at it. I even wrote about it
. Essentially, without a sufficient counterweight in the form of fully-realized black heroes and supporting characters in comics (or any other medium, for that matter), any affronts or perceived affronts can seem much heavier.
And, make no mistake about it, DC in particular had no such "counterweights" in the Silver Age. Baldwin's correct: DC didn't have any
black heroes until the early 70's. It definitely didn't have any at the time John Broome, Carmine Infantino, and Julius Schwartz created Gorilla City. Even now, the number of black heroes and supporting characters in total
, let alone centered in Africa, is severely lacking at DC.
Baldwin's also right about the prevailing racist stereotype of depicting black people as apes, and even how black characters were drawn similar to apes in earlier decades prior to the Silver Age (by virtually everyone, not just DC). A recent trip to the Lincoln Museum reminded me that these depictions were prevalent in drawings for hundreds of years.
I'll even spot some things Baldwin didn't
mention. Last August, I got the chance to meet former Legion of Super-Heroes artist Mike Grell face to face at the Chicago ComiCon. We had some laughs about the costume of Tyroc, the first black Legionnaire, and how he designed it as silly as he could. Prior to meeting him, I had read some articles explaining why
Grell did that: in protest of the racism behind the creation of the character, particularly Tyroc's racial separatist origins. I'd also read how Grell and writer Jim Shooter had intended the character of Soljer in the story "Soljer's Private War" to be a black man, but that editor Murray Boltinoff had ordered the character colored pink (Caucasian). I'd also read how, many years before that, Shooter had intended Shadow Lass to be the first black Legionnaire, only to have that nixed in favor of giving her blue skin.
Oh, and did I mention the same Broome and Schwartz who gave us Gorilla City also gave Hal Jordan's Eskimo sidekick Tom Kalmaku the nickname Pieface?
So you see, with all the info I've presented above, how DC doesn't exactly deserve the benefit of the doubt here. However, that doesn't necessarily mean they're actually guilty in the case of Gorilla City in particular or Silver Age intelligent gorillas in general. Simians had become particularly popular as the result of films like King Kong and Mighty Joe Young. In fact, the Kong movie was remade in 1962. (The trend of talking animals in general was also popular with films like Dr. Dolittle and TV shows like Mr. Ed.) It makes sense that Silver Age comics might choose to cash in on this trend, even without any racial biases. Plus, while it's true about the stereotyping of dark-skinned people as talking simians, two things make me doubt this was the intent with the Silver Age talking gorillas. First, DC's Silver Age artists, including the aforementioned Mr. Infantino, drew them very distinct and ape-like. Second, these talking simians were always depicted at least as intelligent as the humans around them; in most cases, they were far more intelligent. Plus, as in the case of Gorilla City, their civilizations were much more advanced. If racism were the intent wouldn't the opposite have been true?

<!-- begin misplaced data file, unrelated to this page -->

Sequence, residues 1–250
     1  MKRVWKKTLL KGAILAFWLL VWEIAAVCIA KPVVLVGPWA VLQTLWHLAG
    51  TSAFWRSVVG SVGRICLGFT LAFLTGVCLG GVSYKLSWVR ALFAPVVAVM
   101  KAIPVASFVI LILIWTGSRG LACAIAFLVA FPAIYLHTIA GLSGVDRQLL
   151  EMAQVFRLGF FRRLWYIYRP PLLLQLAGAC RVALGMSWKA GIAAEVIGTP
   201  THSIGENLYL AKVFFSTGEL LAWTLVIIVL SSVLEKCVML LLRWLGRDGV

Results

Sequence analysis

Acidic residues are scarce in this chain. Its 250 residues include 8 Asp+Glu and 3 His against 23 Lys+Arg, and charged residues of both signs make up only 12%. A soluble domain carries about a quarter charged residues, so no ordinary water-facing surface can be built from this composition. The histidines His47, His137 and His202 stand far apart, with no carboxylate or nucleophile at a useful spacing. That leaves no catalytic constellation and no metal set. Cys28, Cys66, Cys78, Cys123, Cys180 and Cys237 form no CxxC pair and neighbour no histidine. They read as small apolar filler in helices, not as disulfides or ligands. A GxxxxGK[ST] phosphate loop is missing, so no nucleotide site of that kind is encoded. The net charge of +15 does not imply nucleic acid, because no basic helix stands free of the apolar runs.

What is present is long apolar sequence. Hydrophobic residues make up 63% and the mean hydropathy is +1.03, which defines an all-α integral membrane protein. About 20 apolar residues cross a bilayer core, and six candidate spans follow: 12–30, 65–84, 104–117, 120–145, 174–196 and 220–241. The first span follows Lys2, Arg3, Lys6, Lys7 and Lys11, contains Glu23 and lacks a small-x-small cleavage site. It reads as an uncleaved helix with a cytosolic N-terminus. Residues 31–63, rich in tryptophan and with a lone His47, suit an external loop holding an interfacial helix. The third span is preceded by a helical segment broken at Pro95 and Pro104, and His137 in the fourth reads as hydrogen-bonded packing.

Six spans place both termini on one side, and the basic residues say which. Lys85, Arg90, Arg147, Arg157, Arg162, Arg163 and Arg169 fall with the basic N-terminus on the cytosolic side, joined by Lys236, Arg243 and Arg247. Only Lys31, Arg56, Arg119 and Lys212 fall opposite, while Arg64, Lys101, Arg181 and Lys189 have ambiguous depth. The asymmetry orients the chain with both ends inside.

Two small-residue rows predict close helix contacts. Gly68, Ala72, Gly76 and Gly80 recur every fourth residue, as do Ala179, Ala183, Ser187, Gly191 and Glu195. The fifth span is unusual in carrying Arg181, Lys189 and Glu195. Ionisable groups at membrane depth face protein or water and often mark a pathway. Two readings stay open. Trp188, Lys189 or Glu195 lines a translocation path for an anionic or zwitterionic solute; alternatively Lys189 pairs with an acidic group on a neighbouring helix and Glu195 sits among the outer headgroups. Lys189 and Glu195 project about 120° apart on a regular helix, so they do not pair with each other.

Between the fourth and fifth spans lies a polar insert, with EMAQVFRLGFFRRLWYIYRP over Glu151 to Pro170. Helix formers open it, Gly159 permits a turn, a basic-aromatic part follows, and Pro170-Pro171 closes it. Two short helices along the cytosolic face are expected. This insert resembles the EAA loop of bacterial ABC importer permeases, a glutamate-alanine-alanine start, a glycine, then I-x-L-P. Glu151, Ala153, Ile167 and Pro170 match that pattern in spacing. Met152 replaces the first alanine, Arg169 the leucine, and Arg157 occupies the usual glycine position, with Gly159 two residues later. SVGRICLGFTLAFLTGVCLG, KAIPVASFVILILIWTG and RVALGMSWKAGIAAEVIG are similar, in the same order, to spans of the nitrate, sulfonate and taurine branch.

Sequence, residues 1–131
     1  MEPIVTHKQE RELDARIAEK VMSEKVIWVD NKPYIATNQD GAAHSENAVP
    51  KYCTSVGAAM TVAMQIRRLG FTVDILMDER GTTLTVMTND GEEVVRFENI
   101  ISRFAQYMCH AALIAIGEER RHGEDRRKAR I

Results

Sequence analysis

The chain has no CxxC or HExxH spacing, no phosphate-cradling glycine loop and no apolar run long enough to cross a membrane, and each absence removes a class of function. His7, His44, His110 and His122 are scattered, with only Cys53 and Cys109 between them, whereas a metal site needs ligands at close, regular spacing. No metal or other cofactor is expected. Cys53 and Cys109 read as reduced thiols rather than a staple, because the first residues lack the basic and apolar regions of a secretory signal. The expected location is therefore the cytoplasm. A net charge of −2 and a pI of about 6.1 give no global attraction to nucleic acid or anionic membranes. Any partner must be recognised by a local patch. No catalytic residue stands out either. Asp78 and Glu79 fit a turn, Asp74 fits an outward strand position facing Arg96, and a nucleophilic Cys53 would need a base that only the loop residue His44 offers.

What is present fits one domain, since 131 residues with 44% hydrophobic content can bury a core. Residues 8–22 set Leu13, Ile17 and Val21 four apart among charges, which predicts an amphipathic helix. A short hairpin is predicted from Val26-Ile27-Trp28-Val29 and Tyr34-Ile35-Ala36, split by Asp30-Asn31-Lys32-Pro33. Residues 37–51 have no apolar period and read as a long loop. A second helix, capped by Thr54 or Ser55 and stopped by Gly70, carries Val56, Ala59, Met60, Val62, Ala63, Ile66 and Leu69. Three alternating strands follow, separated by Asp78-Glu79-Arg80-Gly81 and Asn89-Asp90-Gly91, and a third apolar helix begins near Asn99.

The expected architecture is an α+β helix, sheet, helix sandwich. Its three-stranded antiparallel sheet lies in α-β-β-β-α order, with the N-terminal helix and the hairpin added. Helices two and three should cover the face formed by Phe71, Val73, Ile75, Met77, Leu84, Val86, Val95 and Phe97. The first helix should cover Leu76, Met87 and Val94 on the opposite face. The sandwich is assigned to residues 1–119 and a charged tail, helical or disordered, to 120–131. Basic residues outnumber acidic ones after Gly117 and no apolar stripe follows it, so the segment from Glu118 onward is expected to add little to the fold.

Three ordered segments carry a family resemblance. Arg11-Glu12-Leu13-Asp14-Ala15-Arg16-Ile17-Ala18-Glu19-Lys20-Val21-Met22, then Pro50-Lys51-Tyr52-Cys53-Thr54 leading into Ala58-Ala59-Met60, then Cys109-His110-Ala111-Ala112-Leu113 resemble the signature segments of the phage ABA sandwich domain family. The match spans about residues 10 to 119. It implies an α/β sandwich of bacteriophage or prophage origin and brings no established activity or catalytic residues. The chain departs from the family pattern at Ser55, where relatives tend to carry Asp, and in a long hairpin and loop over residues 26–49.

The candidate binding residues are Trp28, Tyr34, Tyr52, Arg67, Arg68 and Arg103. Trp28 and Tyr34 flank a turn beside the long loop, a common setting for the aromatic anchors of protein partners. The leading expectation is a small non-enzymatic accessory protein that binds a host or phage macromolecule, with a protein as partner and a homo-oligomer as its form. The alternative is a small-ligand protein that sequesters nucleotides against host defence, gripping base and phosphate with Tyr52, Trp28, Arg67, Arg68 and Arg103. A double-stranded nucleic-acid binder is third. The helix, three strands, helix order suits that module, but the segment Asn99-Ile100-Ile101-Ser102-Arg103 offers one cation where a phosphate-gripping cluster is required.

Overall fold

Most importantly, though, there's the one key fact I can't get past. The real reason why the argument that Gorilla City and Grodd's conquest of Africa is racist just completely falls apart for me:
Gorillas are native to Africa.
That's why Gorilla City is located in Africa: because Africa is gorillas' native habitat in real life. The question I've heard is "why couldn't they just have Grodd take over another continent, like Australia?". My question is: Why would he? Wouldn't a would-be conqueror like Grodd start by taking over his own home turf first to establish a beachhead and then expand outward? The only reason I can see for not doing that is a strong resistance in his own land (i.e. Superman in Metropolis or Prince T'Challa in Marvel's Africa), and, as Baldwin points out, DCU lacks such strong figures or teams in Africa.
The next question might be "But if Professor Zoom can make Batman Thomas Wayne, why can't he move Gorilla City or even gorillas in general to, say, Australia?" Again, the question is "Why would he?" Based on what I've seen so far, Zoom's done a lot of playing around with the people, but he's kept the geography fairly intact. The other cities we've seen have appeared to stay in the same location. Coast City, for one thing, is exactly where it was pre-Flashpoint. (See the latest Booster Gold issue as proof.) . So I can't see why Gorilla City would be the exception.
Whatever weaknesses Johns has in terms of imagination, I can't fault him on internal logic or consistency here.
I'll admit: I've got no special line on the general consensus of African-Americans, or any other group, on any subject. But I have to guess it's not necessarily unanimous on Grodd, seeing how the late Dwayne McDuffie saw fit to give him a prominent role in the Justice League Unlimited cartoon he oversaw.
I'll also admit I have a bias: Some people may think that intelligent gorillas are racist. But me?
I think they're AWESOME!!!!!